College gets a serving of self-help
Entering North or South Dining Hall, one might hope each item on the menu from angel hair pasta to zucchini is boiled, baked, fried or steamed with the warmth of caring hands and the compassion of thoughtful eyes reading a recipe book. In some cases, yes, dining hall food is made with good intentions, but what about when personal attention is needed to confront the trauma every college student sufferes on a daily basis?
To heal collegiate suffering, four New York Times bestselling authors compiled a book of self-help stories that deal with college life and the obstacles it presents. "Chicken Soup for the College Soul" considers perspectives from parents, professors, celebrities and, of course, students to create a loose guide to living life well in a college setting.
To some extent, the compilation succeeds in presenting an all around view of the many bumps and detours a student may experience throughout a college career. But the book's concentration on cute humor and sentimental memories sometimes drags into a realm of corniness difficult to ignore.
Taking the chronological approach, the book starts during senior year of high school, as students begin applying to colleges and receiving acceptance or decline letters. Including an essay from a college-admission application, bloopers from other essays, lessons learned by students who were declined into going to the local college and a message from Dave Barry, this chapter certainly gets the message that getting into college is just as crucial to one's sanity as the college experience is itself.
The high point clearly was the message by Dave Barry, who cleverly blows off the college visit as an attempt by the college to prove that they are the best college out there. Several of his points apply directly to the Notre Dame experience, particularly those regarding overbearing parents who have been mapping out their son's or daughter's life since conception. He also questions the value of such subjects as "Seventeenth-Century English metaphysical poetry," realizing a conversation will rarely turn to such scholarly matters.
The following chapter discusses one of the more difficult periods of any person's life, the transition from high school to college life. This chapter nosedives into a realm of sentimentality that reverses the comic tone of the first chapter. At this point, the change-up doesn't feel as an attack on the seriousness of the transition experience; instead, it efficiently brings out the deep emotion involved in leaving the nest and enduring college as an individual.
A remarkable poem from the perspective of a young man leaving his mother, "The No Hug' Rule" makes a whirlwind of the emotions felt by any college student who struggles with a desire for parental involvement and independence. Though not a traditionally beautiful work of poetry, "The No Hug' Rule" touches especially upon the emotional viewpoint of the male, who struggles with keeping up a macho guise regardless of the emotions he may feel.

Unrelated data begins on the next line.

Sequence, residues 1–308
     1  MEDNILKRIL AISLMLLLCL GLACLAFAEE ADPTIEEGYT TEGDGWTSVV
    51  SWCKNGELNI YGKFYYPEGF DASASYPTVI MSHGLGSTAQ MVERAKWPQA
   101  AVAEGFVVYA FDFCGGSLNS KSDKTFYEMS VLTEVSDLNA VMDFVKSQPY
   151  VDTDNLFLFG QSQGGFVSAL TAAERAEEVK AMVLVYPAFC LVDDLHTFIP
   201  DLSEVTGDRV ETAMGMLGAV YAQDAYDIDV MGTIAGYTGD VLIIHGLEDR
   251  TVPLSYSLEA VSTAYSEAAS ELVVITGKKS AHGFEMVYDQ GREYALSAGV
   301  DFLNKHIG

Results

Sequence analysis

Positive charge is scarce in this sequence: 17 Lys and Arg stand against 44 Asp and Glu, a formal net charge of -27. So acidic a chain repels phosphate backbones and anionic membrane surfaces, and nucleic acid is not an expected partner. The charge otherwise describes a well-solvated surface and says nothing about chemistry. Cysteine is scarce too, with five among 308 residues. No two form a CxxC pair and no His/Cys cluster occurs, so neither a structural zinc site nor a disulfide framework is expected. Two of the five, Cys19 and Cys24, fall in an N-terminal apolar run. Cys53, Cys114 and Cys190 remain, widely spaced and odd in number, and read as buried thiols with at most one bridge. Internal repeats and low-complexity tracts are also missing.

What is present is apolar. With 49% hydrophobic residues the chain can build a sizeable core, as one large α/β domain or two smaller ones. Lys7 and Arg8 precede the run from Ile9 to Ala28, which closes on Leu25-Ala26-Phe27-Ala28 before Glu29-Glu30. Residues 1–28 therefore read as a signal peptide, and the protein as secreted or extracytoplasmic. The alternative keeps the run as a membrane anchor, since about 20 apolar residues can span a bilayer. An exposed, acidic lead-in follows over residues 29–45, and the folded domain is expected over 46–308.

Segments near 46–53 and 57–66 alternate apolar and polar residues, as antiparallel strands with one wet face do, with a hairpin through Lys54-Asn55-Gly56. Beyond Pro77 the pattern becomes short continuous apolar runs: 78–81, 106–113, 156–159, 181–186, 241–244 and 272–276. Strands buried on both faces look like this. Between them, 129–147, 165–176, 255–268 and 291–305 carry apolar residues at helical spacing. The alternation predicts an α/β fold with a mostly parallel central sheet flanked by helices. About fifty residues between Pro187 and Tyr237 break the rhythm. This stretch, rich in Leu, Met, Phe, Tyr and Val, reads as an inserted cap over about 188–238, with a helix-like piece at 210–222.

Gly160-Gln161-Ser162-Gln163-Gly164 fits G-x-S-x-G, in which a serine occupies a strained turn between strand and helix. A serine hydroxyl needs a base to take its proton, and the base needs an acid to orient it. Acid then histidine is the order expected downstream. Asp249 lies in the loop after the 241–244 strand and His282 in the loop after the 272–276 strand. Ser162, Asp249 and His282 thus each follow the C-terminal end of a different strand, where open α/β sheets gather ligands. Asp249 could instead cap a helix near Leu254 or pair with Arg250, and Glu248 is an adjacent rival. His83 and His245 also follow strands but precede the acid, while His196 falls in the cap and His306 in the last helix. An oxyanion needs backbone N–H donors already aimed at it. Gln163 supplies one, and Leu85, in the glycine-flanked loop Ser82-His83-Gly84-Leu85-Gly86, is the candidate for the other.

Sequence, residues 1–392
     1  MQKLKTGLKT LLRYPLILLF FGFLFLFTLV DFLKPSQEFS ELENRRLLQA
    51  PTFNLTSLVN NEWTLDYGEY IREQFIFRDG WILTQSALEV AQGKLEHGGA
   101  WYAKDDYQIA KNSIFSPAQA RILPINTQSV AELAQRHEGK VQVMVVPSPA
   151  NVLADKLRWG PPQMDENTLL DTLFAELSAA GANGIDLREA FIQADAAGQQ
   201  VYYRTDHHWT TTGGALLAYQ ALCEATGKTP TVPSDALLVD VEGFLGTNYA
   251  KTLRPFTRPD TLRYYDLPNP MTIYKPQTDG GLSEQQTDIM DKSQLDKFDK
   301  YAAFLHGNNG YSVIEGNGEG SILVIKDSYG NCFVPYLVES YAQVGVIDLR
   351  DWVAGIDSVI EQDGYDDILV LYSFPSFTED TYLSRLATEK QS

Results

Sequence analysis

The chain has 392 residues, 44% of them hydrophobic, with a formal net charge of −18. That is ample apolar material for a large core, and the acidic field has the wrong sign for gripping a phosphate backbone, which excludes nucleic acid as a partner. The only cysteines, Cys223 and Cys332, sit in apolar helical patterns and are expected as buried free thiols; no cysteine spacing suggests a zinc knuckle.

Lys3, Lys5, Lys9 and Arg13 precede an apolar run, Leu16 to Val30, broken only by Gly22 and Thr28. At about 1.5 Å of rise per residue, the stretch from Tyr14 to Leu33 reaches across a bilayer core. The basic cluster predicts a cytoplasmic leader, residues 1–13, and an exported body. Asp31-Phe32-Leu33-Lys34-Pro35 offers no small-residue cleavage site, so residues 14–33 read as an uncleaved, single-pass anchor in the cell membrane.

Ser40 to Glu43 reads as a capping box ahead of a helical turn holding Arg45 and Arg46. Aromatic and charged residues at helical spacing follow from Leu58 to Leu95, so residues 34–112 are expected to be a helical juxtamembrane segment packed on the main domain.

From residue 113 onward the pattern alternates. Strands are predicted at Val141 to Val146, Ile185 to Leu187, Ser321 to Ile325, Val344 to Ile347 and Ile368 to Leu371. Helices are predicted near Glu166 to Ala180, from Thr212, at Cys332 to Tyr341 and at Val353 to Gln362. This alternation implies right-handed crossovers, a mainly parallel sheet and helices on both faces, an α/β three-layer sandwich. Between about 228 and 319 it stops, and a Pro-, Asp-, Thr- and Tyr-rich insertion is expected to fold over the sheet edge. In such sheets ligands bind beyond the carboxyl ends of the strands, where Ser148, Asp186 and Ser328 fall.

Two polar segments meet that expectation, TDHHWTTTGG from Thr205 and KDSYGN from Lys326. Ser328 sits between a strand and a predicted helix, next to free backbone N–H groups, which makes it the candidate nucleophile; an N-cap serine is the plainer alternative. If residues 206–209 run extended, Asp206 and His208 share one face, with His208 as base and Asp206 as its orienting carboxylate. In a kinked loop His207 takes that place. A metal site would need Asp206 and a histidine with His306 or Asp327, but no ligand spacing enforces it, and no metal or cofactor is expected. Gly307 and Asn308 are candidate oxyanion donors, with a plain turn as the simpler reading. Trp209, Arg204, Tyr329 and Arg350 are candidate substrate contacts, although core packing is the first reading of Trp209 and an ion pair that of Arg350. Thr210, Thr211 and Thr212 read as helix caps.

The poem is also refreshing as the majority of the other stories come from the female perspective, touching on sisterhood, feminine encouragement, dating, breaking up and date rape. Though a couple of these stories peaked some interest, particularly "How to Get an A on Your Final Exam" and "Reverse Living," most of the stories fall into the huge ocean of schmaltz that characterizes a Robin Williams movie. Such lines as "One mention of Gaffield (an off-campus home at Northwestern University), and all our faces relax with a softness usually reserved for remembering a first love" are prime examples of the cutesy femininity found in several of the book's stories.
This cuteness once again takes a turn for the serious as the book turns to the "Tough Stuff" to help students deal with the important things that happen in life. The chapter is devoted to death, social isolation and rape and provides a dose of the intense emotion that can come from any intense experience. Not entirely depressing, these stories attempt to take goodness of what appears to be utter badness. Of course, there is no reason not to see this chapter as merely an after-school special in book form.
The book then goes into a mode of pure encouragement, as it lets everyone know that anyone can do whatever they please if they put their mind to it. A common theme of this chapter centers on disadvantaged persons making their way into college despite discouragement from the establishment of experienced, college-educated snobs who know who belongs in college and who belongs in the projects. The poem "From the Heart of a Blessed Temple" positively attacks the establishment, presenting a black kid from the projects who goes to college and graduate school after 30 years of believing "black kids from the projects do not go to college." It was the first truly inspirational moment.
The chapter continues to pep up those disadvantaged souls who some people would call "slow." Establishing a "Second Kind of Mind," one story shows the mind is a mysterious thing and positive encouragement can go a long way.
The final chapter has fun with graduations, once again calling upon Dave Barry to entertain readers with his wacky personality. Remarking on such non-graduation related subjects as area codes and box-opening semi-circles, his "Life Lessons" must be read to fully appreciate the value it adds to the collection as a whole.
The inclusion of Dave Barry in the opening and closing chapters indeed made "Chicken Soup for the College Soul" a delight to read. It is always nice to laugh when discussing stuff close to the heart college life. His humor was the perfect remedy for the rotten cheese with which the authors infected the rest of the book. It was the dips into mushy heartwarming, love that really put the impact on the college soul in question.
All Scene Stories for Monday, August 30, 1999